CALL FOR PAPERS

The Business and Management Quarterly Review (BMQR) (e-journal) strives to comply with highest research standards and scientific/research/practice journals' qualities. The BMQR welcomes contributors from an empirical and/or conceptual point of view that are solicited that address these issues (but are not limited);

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Any other interdisciplinary research relevant to business, management, computer science, transport and logistics, occupational safety and health, humanities and quality of life

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Business and Management Quarterly Review (BMQR) is indexed and abstracted in: Cabell's Directory (Management), Ulrichs, Scirus, Danish Register of Scientific Journals, Norwegian Register of Scientific Journals and Google

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Management academics, researchers and professionals worldwide

Business owners and managers
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Call for reviewers

BMQR would like to invite interested professionals to contribute as a reviewer. We normally encourage professionals with at least PhD, and if you are interested, please send an e-mail attaching your latest CV to zaidiuitm2000@yahoo.com



Author Guidelines

As a step to follow the high quality and success of Emerald, Business & Management Quarterly Review (BMQR) follows the standards of Emerald journals for paper submission guidelines, which are;

Papers should be submitted via zaidiuitm2000@yahoo.com

As a guide:

1. Articles should be between 4000-6000 words in length
2. A title of not more than ten words should provided
3. A brief autobiographical note should be supplied including:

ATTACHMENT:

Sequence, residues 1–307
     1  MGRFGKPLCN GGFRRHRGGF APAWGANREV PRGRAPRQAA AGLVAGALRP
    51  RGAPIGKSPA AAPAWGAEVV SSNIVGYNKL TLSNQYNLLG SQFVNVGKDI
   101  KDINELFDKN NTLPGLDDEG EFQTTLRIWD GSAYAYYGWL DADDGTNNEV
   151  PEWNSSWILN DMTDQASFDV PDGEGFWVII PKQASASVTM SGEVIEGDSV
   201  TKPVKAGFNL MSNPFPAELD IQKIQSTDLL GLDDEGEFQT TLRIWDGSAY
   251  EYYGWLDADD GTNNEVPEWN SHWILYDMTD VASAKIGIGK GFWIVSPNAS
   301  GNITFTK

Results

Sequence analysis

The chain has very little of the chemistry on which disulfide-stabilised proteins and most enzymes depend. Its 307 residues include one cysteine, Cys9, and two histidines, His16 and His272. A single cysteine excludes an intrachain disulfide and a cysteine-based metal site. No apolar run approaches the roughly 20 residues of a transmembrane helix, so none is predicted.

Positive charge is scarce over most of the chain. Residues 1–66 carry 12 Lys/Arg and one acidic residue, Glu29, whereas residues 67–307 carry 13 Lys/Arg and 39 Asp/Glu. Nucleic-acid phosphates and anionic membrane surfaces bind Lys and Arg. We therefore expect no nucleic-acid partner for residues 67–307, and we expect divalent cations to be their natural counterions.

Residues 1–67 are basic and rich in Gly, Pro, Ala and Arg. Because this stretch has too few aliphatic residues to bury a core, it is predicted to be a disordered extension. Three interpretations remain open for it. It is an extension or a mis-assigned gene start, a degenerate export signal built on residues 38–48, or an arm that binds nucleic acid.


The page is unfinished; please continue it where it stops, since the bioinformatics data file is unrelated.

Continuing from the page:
Full name, affiliation, email address, full international contact details, and brief professional biography

4. Maximum length is 200 words in total. In addition provide up to five keywords which encapsulate the principal topics of the paper and categorize your paper under one of these classifications:

Research paper, technical paper, conceptual paper, literature paper, and general view.

5. Tables should be typed and included as part of the manuscript. They should not be submitted as graphic elements. 6. References to other publications must be in Harvard style and carefully checked for completeness, accuracy and consistency.

You should cite publications in the text: (Noraini, 2008) using the first named authors' name or (Noraini and Ahmad, 2009) citing both names of two, or (Noraini et al., 2009) where there are three or more authors. At the end of the paper a reference list in alphabetical order should be supplied:

For books, e.g. Zakaria, H. (2009), Business Management, University Publication Centre, Selangor.

For journals, e.g. Zakaria, H. and Karem, A. (2007), "Intranet usage in port industry", Business & Management Quarterly Review, Vol. 12 No. 3, pp. 67-88.

Review Process

Papers are initially reviewed by the editors to make sure they meet journal's scope, they will be sent our for blind review process. Although we strive to provide the review result as soon as possible, it might normally take up to 3-6 months for the review.

Submission Fee

There is no submission fee charged

Policy

Copyright (c) 2010 by Community of Research (CoRe)-Management Science (MS) and Faculty of Business Management, Universiti Teknologi MARA, 40450 Shah Alam, Selangor, Malaysia.

All rights reserved. No part of this publication may be reproduced, stored in a retrieval system, or transmitted in any form or any means, electronic, mechanical, photocopying, recording or otherwise, without prior permission, in writing, from the publisher.

Business & Management Quarterly Review (BMQR) is jointly published by Community of Research (CoRe)-Management Science (MS) and Faculty of Business Management (FBM), Universiti Teknologi MARA, 40450 Shah Alam, Selangor, Malaysia.